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I recently got into programing and I'm making an alarm. I cant figure out how to make a buzzer loop. I have two blinking LED's and two fading ones. Now I plan to have sound and it won't work. It only blinks once and stops. I would also like the two fading LED's to fade at different times. I can't figure that out. Here's the code. 8 is the buzzer and red and blue are the fading LED's.

int blue = 6;
int red = 9;
int brightness = 0;
int fadeAmount = 500;

void setup() {
  pinMode(11,OUTPUT);
   pinMode(12,OUTPUT);
    pinMode(red, OUTPUT);
     pinMode(blue, OUTPUT);
      pinMode(8, OUTPUT);
}

void loop() {
  digitalWrite(11, HIGH);
  digitalWrite(12, LOW);
  delay(200);
  digitalWrite(11, LOW);
  digitalWrite(12, HIGH);
  delay(200);
  digitalWrite(8, LOW);
  digitalWrite(8, HIGH);
  delay(10);

 analogWrite(red, brightness);
  analogWrite(blue, brightness);
   brightness = brightness + fadeAmount;

if (brightness <= 0 || brightness >= 255) {
  fadeAmount = -fadeAmount;
}
 millis();
}
1

Have a look here, on how you can use different peripherals in a non-blocking manner. The following code is from the link:

// These variables store the flash pattern
// and the current state of the LED

int ledPin1 =  12;      // the number of the LED pin
int ledState1 = LOW;             // ledState used to set the LED
unsigned long previousMillis1 = 0;        // will store last time LED was updated
long OnTime1 = 250;           // milliseconds of on-time
long OffTime1 = 750;          // milliseconds of off-time

int ledPin2 =  13;      // the number of the LED pin
int ledState2 = LOW;             // ledState used to set the LED
unsigned long previousMillis2 = 0;        // will store last time LED was updated
long OnTime2 = 330;           // milliseconds of on-time
byte brightness = 0;
byte brigthnessInterval = 10;

void setup() 
{
  // set the digital pin as output:
  pinMode(ledPin1, OUTPUT);      
  pinMode(ledPin2, OUTPUT);      
}

void loop()
{
  // check to see if it's time to change the state of the LED
  unsigned long currentMillis = millis();

  if((ledState1 == HIGH) && (currentMillis - previousMillis1 >= OnTime1))
  {
    ledState1 = LOW;  // Turn it off
    previousMillis1 = currentMillis;  // Remember the time
    digitalWrite(ledPin1, ledState1);  // Update the actual LED
  }
  else if ((ledState1 == LOW) && (currentMillis - previousMillis1 >= OffTime1))
  {
    ledState1 = HIGH;  // turn it on
    previousMillis1 = currentMillis;   // Remember the time
    digitalWrite(ledPin1, ledState1);     // Update the actual LED
  }

  if(currentMillis - previousMillis2 >= OnTime2)
  {
    previousMillis2 = currentMillis;  // Remember the time
    if (brigthness <= 254) brigthness += brigthnessInterval;
    if (brigthness == 255) brigthness = 0;
    analogWrite(ledPin2, brigthness);
  }
}

Here, two LEDs are controlled with different intervals, I changed LED number 2 to fade in with an interval specified with OnTime2; watch out your fade amount though, because analogWrite has 255 levels, and you immediately increased it to 500. You can add as many intervals as you want in the same manner, and perform tasks in pseudoparallel.

0

try and analyze this alarm sound sketch

const byte TONE_PIN = 4;
const int ALARM_BEEP_1 = 4186;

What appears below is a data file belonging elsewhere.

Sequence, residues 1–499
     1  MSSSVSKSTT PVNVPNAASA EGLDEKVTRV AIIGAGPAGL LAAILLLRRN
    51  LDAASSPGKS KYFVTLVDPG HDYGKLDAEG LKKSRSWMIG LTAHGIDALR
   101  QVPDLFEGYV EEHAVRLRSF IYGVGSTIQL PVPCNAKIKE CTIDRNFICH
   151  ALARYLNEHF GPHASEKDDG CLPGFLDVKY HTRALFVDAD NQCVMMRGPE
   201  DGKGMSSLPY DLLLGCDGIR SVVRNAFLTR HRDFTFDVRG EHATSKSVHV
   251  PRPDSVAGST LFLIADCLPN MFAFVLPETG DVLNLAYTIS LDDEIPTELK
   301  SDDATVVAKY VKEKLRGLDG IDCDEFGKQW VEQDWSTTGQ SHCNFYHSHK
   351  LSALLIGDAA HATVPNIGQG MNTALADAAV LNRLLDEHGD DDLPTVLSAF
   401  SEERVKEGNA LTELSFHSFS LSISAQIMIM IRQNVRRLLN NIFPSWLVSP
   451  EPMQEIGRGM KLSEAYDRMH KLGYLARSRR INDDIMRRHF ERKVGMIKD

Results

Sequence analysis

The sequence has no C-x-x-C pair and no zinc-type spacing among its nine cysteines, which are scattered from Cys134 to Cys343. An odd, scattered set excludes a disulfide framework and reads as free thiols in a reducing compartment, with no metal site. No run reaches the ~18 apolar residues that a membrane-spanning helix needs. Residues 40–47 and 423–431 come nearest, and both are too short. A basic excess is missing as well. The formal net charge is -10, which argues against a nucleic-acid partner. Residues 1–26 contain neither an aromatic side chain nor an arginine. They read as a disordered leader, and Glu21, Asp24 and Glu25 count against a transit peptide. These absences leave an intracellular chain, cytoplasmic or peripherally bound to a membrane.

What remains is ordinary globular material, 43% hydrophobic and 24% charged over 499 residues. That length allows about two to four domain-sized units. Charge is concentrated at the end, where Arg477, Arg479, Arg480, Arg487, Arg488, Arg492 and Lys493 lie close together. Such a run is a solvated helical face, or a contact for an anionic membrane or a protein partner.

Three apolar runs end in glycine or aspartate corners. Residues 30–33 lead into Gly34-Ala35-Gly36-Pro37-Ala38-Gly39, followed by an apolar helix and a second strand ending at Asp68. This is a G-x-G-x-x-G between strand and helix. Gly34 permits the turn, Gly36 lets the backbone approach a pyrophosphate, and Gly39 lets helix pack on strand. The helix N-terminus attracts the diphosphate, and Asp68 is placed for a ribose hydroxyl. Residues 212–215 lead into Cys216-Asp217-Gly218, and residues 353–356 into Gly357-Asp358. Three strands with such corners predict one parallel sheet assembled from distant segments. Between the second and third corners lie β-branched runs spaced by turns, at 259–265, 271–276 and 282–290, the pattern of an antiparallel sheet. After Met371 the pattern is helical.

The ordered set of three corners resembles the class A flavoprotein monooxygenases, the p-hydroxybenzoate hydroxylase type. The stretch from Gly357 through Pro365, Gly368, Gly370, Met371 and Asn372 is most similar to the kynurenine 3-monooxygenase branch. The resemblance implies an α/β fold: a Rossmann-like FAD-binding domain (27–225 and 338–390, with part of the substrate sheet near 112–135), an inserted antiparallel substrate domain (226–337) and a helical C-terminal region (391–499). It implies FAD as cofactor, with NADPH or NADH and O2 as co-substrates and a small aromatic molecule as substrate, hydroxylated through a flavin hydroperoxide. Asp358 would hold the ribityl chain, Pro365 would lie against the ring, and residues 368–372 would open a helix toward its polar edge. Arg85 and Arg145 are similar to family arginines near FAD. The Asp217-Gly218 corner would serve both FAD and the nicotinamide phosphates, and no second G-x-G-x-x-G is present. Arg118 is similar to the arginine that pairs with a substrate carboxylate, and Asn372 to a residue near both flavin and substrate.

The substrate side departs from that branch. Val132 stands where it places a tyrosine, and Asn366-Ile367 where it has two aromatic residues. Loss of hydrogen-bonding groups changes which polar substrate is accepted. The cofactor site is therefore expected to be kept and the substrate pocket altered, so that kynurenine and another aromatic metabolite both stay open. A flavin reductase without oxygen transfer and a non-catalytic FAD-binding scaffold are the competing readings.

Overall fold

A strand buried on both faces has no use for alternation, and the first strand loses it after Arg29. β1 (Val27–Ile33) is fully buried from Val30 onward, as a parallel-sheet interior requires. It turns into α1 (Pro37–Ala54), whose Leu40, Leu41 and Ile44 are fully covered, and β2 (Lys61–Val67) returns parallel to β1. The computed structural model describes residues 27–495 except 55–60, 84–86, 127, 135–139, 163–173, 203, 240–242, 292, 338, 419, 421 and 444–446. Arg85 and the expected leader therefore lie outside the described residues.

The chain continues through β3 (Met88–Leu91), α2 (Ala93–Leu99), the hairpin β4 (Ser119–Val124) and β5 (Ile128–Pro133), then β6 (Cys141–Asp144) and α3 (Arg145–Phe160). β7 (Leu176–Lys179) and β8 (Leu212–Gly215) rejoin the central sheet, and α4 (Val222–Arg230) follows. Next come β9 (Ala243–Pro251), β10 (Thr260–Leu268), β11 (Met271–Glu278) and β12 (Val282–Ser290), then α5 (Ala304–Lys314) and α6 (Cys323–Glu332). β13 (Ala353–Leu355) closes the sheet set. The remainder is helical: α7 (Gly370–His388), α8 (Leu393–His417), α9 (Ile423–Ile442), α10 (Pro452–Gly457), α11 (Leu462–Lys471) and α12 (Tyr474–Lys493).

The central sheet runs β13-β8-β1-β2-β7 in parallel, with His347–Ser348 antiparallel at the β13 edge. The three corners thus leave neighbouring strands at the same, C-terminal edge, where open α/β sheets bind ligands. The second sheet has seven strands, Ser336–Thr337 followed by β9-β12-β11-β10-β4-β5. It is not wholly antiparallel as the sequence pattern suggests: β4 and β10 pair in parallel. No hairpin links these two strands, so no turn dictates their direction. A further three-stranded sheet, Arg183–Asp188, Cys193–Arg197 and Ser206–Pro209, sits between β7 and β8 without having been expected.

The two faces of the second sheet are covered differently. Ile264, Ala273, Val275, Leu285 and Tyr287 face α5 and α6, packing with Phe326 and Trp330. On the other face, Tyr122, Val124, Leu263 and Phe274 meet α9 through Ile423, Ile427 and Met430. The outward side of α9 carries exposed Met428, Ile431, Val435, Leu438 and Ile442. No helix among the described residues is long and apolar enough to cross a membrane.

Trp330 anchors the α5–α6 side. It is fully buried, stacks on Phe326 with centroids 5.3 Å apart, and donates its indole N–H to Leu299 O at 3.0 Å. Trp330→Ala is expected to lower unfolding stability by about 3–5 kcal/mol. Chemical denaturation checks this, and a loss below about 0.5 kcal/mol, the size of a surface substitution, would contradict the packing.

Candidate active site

const int ALARM_BEEP_2 = 4699;

const int ALARM_TONE_LENGTH = 200;
const int ALARM_TONE_PAUSE = 800;
const int ALARM_TONE_REPEAT = 6;

void setup()
{
}

void loop()
{
  alarmSound();
}

void alarmSound() {
  static unsigned long next = millis();
  static byte count = 0;
  if (millis() > next) {
    next += ALARM_TONE_LENGTH;
    count++;
    if (count == ALARM_TONE_REPEAT) {
      next += ALARM_TONE_PAUSE;
      count = 0;
    }
    tone(TONE_PIN, (count % 2) ? ALARM_BEEP_1 : ALARM_BEEP_2, ALARM_TONE_LENGTH);
  }
}
  • i tried this it sayed alarm sound not declared in scope and i cant figure out how to fix it – jace Sep 26 '18 at 18:06
  • you can't compile it in Arduino IDE? what is "alarm sound"? the function is called alarmSound – Juraj Sep 26 '18 at 18:11
0

I suggested the basics in my answer to your previous question - "To fade them out of phase, you'll need a second brightness-variable (and possibly a second fade-amount), and an increment/decrement and limit test for each LED."

To put that more concretely, instead of brightness, you'll need a redBrightness and a blueBrightness, and initialize them to different values.

   brightness = brightness + fadeAmount;

if (brightness <= 0 || brightness >= 255) {
  fadeAmount = -fadeAmount;
}

For instance, initializing them to '0' and '128', respectively, would drive the LEDs 180 degrees out of phase, or one fading up while the other fades down, assuming you use the same fadeAmount variable for both. If you use a redFadeAmount and blueFadeAmount, you can make them fade at different rates, as well.

-1

"I recently got into programing" So start here : https://en.wikipedia.org/wiki/Divide_and_conquer_algorithm

To apply such principle start by finding suitable "blink (SINGLE) LED" in Arduino IDE examples. There is no real need to reinvent the wheel / code when you just starting to learn programming as long as you do not just "cut and paste".

You can blink LED attached to pin 13 without using any additional hardware. Then find an example doing same without using "delay".

Most newcomers have issues with Arduino hidden main function and navigating "loop".

Once you have hang of the loop function you can add multiple "instances" of blinking LED's, and later consolidate these instances into suitable function.

Then use same approach to your buzzer or any other device. Good luck.

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